Breaking the Mold: A New Mindset Takes a Pharmacy to the Next Level

To grow her independent pharmacy business and become the go-to resource in her community, Jana Bennett, RPh knew she needed to make some major changes, in both the pharmacy front-end and in how she viewed her role as a pharmacist.

“Realizing that so many medications deplete nutrients in the body was a huge eye-opener for me. Why didn’t I know that before?” Bennett said. “Educating patients on how they can feel better is really important to me.”

The revamp began in February 2017 when Bennett realized she could not, in good conscience, recommend cheap, ineffective dietary supplements to her patients. Her two pharmacy locations, in Sherman and Denison, TX, have a loyal following of 5,000 patients. Many of these patients are like family to her; some have been with her since she graduated from the University of Texas at Austin College of Pharmacy 23 years ago. Enough was enough, so Bennett decided to make the change.

“We decided to implement the Pharmace Replete Program and took out all of our existing dietary supplements and replaced them with Ortho Molecular Products and a few products from another line of professional supplements,” Bennett said. “We carry Ortho Molecular Products because we want to offer our patients products that really work. I was tired of stocking cheap products just to have something sitting on the shelves.”

The revamp was not without its challenges, but perhaps the most significant and unexpected hurdle came from Bennett herself. She had initially resisted the Pharmace Replete Program because she was concerned she would seem to “salesy” to her patients. After several conversations with her Ortho Molecular Products representative, the lightbulb turned on.

“I realized that everyone wants to feel better and they are never going to feel better taking more and more drugs,” Bennett said. “I started working on my elevator speech for CoQ10 and the first time I discussed it with a patient, it worked! He bought a bottle right then and there. I was stunned. I had to have a really long talk with myself about how much trust people put in me as their pharmacist and how I really have an obligation to educate them on what they need to do to be well.”

Bennett and her staff set to work implementing the Pharmace Replete Program. They started with simple shelf signage, a literature rack with product information sheets, and a chalkboard featuring one product or condition at a time. They developed several “bag clippers,” neon sheets of paper that highlight a targeted drug that causes nutrient depletion and related effects, and placed them in racks near where pharmacists check prescriptions. As the pharmacists print off receipts, they add the appropriate bag clipper to the prescriptions. Bennett hired a marketing specialist to help design a prescriber-facing brochure that highlights the services her pharmacy offers. Her staff is educated on key dietary supplement products and many staff members now take the products themselves.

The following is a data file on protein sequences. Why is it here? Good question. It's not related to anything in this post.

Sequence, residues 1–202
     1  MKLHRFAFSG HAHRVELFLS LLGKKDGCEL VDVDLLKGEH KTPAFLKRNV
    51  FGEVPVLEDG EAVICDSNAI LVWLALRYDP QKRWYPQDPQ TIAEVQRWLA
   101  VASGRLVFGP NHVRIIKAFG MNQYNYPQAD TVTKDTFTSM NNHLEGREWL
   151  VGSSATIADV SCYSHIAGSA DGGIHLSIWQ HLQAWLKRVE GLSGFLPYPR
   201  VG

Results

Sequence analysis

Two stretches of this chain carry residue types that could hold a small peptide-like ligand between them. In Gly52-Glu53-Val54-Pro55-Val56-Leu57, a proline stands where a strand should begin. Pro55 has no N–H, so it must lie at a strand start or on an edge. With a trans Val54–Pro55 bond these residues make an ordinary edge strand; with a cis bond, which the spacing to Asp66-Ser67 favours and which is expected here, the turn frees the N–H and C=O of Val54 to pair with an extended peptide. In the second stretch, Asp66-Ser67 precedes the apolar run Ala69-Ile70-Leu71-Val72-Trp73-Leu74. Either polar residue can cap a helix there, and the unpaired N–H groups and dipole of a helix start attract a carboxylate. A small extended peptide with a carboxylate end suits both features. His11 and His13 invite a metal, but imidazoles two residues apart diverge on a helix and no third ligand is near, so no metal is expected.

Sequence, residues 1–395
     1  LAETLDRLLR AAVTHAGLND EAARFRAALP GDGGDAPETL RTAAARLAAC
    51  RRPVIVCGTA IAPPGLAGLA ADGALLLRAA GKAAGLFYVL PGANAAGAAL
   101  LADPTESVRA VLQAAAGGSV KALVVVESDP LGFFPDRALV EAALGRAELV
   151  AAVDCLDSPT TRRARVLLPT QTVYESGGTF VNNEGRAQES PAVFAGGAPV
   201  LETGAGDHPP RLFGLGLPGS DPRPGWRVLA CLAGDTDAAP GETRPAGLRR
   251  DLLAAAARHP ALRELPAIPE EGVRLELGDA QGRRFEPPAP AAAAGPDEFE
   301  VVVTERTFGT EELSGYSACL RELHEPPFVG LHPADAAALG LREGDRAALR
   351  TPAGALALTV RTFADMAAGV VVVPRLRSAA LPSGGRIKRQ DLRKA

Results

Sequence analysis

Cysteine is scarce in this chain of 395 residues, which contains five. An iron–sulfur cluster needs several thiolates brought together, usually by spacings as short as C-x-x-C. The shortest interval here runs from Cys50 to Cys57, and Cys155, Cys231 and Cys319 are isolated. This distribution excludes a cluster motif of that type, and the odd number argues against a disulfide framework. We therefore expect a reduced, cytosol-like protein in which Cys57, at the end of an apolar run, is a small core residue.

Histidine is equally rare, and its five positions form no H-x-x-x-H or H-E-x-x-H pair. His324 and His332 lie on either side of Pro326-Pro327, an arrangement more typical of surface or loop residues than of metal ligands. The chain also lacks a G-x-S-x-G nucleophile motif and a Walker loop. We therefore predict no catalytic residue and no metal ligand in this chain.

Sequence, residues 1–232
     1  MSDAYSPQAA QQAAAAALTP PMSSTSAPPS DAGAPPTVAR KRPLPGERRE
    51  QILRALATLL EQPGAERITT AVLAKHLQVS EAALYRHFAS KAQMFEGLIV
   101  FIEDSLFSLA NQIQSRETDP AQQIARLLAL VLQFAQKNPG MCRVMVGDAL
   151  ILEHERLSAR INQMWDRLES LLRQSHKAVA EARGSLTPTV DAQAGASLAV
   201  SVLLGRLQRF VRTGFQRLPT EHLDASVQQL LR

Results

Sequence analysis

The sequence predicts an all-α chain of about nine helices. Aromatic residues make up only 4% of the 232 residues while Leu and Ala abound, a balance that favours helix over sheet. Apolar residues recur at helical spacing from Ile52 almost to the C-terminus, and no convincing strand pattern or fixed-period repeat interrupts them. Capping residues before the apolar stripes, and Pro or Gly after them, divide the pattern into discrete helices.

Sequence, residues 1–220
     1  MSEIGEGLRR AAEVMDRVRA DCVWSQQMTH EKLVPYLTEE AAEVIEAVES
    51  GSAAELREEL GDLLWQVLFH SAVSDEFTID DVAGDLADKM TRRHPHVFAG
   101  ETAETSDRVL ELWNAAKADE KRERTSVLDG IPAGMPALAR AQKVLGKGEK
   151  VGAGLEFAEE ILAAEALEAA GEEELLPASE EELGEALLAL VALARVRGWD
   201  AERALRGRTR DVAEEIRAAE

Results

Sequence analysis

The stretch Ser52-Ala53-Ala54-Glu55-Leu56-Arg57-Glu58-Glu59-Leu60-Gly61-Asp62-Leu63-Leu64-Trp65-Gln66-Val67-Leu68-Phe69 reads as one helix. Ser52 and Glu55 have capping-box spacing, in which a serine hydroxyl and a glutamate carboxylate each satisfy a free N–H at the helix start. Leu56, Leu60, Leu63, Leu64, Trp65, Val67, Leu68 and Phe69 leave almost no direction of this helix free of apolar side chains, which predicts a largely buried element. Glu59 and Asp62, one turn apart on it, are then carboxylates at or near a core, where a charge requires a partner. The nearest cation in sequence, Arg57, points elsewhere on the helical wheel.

Bennett said she is excited to see the program gaining momentum in her pharmacy, and recalls one patient story that highlights the impact the program has had so far.

“One of our patients, an older gentleman, is on multiple medications, and as we were checking his medications shortly after adding the bag clippers to our workflow, we added the bag clippers for CoQ10 and neuropathy to his prescriptions. The patient returned to the pharmacy after reading the information, and asked for the CoQ10 and Methyl B12 that had been recommended by our ‘flashy’ neon bag clippers,” Bennett said. “He grumbled a little about the price, but made the purchase anyway. The following week, his caregiver stopped by and told me the patient was astounded to be feeling so much better and the products ‘were worth every penny!’ His physician was impressed with this progress, too, and now regularly refers his neuropathy patients to us.”

In the eight months since starting the Pharmace Replete Program, the pharmacy has seen about a two-thousand-dollar increase per month in sales. But the real impact, Bennett said, can be seen when patients come to the pharmacy knowing they will leave feeling better; not just taking more drugs, but really feeling better. That will pay long-term dividends.

“I would encourage other independent pharmacists to be brave, get rid of the cheap stuff and take a stand that reflects your values by offering your patients products that really can make them feel better,” Bennett said. “For our pharmacy, we are on a mission to be the go-to resource for those in our community who want to feel their very best.”


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